Turkey asks US to arrest, extradite Fethullah Gülen
AFP photoTurkey has asked the United States to immediately detain and extradite Islamic scholar Fethullah Gülen, who lives in rural Pennsylvania and is accused of orchestrating the failed July 15 coup attempt.
“We have sent four dossiers to the United States for the extradition of the terrorist chief. We will present them with even more evidence than they want,” Yıldırım vowed at a parliamentary group meeting of his ruling Justice and Development Party (AKP).
Ankara has also applied to the U.S. Justice Ministry for the arrest of Gülen before his extradition, private broadcaster CNNTürk reported.
Justice Minister Bekir Bozdağ said the files sent to the U.S. did not include charges about the July 15 coup attempt, as the investigation is still ongoing.
“Our ministry has delivered the files both to the Interior Ministry and the Foreign Ministry to be delivered to the U.S.,” Bozdağ told reporters.
“They were also transmitted electronically to the U.S. Justice Ministry,” he added.
Bozdağ said the extradition request related to two ongoing cases at Istanbul courts, case in Ankara and one case in Bursa, all of which ruled for the arrest of Gülen, accused of being “the leader of an armed terrorist organization” and “conspiring to overthrow the government.”
Gülen had been a close ally of the government until recently, and has lived in the United States since 1999.
Prime Minister Yıldırım called on the U.S. to “stop protecting that traitor.”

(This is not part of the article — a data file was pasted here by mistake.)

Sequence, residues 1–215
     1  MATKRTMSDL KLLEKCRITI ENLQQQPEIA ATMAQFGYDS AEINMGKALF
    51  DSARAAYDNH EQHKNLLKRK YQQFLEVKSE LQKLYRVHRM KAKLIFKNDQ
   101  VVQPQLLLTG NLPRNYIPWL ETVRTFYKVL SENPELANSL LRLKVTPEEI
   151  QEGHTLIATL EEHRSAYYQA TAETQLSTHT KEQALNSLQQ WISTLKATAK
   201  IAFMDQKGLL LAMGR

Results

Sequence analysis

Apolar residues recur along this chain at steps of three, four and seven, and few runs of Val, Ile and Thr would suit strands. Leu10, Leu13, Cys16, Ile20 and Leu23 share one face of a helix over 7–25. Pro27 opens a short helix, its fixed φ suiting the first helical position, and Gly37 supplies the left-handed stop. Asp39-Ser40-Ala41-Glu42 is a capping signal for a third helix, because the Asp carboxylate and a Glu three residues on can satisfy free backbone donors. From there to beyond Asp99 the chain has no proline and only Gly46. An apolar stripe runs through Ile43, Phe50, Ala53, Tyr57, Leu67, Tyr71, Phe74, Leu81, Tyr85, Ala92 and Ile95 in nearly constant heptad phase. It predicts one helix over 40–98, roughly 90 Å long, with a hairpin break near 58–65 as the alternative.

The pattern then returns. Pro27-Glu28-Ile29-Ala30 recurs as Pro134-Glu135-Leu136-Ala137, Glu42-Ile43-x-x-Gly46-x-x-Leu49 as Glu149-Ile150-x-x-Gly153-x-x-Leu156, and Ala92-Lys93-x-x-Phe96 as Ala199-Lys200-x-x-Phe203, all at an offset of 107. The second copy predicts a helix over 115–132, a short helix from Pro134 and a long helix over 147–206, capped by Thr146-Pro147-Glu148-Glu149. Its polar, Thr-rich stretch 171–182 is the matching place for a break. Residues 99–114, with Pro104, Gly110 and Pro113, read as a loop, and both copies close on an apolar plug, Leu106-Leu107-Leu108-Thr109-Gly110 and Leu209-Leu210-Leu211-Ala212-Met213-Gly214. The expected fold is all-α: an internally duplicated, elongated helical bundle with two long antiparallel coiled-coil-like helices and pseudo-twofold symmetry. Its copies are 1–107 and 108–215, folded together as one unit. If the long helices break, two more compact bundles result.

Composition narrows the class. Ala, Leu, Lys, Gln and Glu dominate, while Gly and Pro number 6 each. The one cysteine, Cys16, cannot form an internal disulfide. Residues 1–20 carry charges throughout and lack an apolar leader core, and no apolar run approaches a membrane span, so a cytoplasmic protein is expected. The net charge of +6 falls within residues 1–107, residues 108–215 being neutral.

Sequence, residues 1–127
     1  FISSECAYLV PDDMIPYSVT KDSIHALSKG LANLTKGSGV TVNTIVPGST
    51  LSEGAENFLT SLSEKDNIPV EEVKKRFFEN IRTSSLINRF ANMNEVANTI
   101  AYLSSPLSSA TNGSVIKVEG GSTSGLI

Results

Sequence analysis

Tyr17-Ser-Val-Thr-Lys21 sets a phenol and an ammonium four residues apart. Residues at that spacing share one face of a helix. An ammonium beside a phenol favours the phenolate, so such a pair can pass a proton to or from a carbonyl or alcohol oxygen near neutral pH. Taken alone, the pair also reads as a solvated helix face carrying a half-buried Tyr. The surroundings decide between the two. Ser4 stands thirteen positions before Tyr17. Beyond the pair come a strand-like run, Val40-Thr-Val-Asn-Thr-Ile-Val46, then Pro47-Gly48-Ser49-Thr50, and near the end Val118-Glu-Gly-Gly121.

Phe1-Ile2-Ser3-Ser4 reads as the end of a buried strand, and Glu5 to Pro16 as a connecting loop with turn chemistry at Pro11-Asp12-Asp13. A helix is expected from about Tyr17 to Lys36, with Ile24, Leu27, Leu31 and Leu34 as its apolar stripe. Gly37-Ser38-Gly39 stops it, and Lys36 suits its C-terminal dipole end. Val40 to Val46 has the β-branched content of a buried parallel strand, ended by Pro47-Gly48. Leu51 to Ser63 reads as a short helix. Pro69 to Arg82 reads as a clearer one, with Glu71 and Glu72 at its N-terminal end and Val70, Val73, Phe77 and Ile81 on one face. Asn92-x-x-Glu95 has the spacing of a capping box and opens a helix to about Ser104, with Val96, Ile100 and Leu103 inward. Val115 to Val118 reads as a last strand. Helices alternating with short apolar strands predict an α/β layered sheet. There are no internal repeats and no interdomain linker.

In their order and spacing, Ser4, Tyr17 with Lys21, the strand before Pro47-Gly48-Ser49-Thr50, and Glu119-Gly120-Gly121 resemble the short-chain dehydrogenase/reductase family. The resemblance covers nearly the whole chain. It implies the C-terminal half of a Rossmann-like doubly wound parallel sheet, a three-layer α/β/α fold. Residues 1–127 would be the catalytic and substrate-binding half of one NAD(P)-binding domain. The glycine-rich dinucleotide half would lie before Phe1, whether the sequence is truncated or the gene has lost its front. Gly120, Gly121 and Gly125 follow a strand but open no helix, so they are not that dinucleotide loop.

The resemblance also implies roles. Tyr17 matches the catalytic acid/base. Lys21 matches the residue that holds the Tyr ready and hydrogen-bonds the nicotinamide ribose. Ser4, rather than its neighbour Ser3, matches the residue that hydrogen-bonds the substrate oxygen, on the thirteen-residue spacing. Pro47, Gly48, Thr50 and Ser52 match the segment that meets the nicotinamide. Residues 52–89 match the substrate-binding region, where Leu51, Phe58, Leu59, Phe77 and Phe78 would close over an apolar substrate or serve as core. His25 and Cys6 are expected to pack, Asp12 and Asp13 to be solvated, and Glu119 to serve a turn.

“We have no doubt or hesitation over the origin [of the coup]. It is crystal clear. We know who staged and who ran it,” he said, referring to the “parallel terrorist organization” Turkey.
The “parallel structure” is the term used by the Turkish government for followers of Gülen, who are accused of infiltrating state institutions including the police department, the judiciary and the military under direct orders from the cleric.
“We have more than enough evidence, more than you could ask for, on Gülen. There is no need to prove the coup attempt; all evidence shows that the coup attempt was organized on his will and orders,” Yıldırım also said.
The Turkish government has wanted the extradition of Gülen for over two years, but this is the first time a formal request has been made on an issue that has strained Turkish-U.S. ties.
Secretary of State John Kerry on July 18 said the U.S. had not received a formal request for extradition and reminded Turkish officials that any request must meet a specific set of standards, including specific evidence of wrongdoing by Gülen.
Yıldırım had suggested on July 18 that Turkey may “question its friendship” with Washington if the two sides cannot agree on Gülen.
“Even questioning our friendship may be brought to the agenda here. But our Justice Ministry is conducting the necessary work,” Yıldırım said when asked about the extradition process.